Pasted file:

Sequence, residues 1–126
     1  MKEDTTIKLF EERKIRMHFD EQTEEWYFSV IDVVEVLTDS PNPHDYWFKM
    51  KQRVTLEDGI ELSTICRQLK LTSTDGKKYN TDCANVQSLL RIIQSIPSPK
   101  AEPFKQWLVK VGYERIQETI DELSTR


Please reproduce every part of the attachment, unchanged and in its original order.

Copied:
Sequence, residues 1–126
     1  MKEDTTIKLF EERKIRMHFD EQTEEWYFSV IDVVEVLTDS PNPHDYWFKM
    51  KQRVTLEDGI ELSTICRQLK LTSTDGKKYN TDCANVQSLL RIIQSIPSPK
   101  AEPFKQWLVK VGYERIQETI DELSTR